Throughout this review, we interviewed and obtained documentation from Counsel personnel that included the Chief Counsel, Deputy Chief Counsels, Associate Chief Counsels, Deputy Associate Chief Counsels, Division Counsels, Special Counsels, attorneys, assistants, and analysts.We also interviewed and obtained documentation from representatives within IRS operations, including the Large and Mid-Size Business Division, the Small Business/Self-Employed Division, the Tax Exempt and Government Entities Division, the Wage and Investment Division, the Office of Appeals, and the Office of the National Taxpayer Advocate.In addition, we contacted a group of public stakeholders by interviewing representatives from the American Bar Association, the American Institute of Certified Public Accountants, and the Mortgage Bankers Association.

To accomplish our objective, we:

I.                   Evaluated the traditional process and related internal controls for developing published tax guidance.

A.    Interviewed Counsel personnel and reviewed their manual for the procedures used to develop the guidance business plan and specific tax guidance.

B.     Interviewed Counsel personnel and reviewed supporting documentation to evaluate how guidance issues were requested, obtained, and selected for the 2007‑2008 Priority Guidance Plan.This included interviews with representatives from IRS operations, their applicable Division Counsels, and public stakeholders for their involvement in and opinions of the process.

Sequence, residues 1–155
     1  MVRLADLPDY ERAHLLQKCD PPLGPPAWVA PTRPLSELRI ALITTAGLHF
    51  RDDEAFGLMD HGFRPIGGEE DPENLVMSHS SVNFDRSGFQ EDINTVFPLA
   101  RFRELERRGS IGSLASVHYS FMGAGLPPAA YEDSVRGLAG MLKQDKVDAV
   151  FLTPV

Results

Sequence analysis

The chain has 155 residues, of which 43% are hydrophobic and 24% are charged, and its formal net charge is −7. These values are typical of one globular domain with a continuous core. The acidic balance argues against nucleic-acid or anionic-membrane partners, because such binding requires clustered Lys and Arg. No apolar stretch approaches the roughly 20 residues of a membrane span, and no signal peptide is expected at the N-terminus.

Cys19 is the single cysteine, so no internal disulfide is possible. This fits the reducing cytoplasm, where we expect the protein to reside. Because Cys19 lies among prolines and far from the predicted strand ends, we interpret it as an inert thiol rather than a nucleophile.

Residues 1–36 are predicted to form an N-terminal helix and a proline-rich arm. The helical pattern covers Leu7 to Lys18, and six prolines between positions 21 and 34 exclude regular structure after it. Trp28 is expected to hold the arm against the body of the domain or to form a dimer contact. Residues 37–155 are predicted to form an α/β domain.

C.     Determined whether Counsel is communicating or meeting with public stakeholders and whether the general public is adequately informed of such contacts.This included an evaluation of the process to notify the public when projects are selected and finalized, review of a judgmental sample of 25 guidance projects[25] for contacts during the development of published guidance, and interviews with representatives from IRS operations and public stakeholders for their involvement in and opinions of the process.

D.    Evaluated the development of guidance projects for common barriers that impede the issuance of tax guidance and to determine whether there were deviations from the standard process that may indicate a bias or inequitable public influence.

1.      Reviewed a judgmental sample of 25 guidance projects to determine possible impediments (e.g., coordination problems, gaps in activity, and delays).We also reviewed the sample to determine whether there were adequate internal controls, including management review and approvals to prevent inequitable public influence.This involved reviewing paper case files and electronic data on the computer inventory system and interviewing a drafting team member involved with each of the sample projects.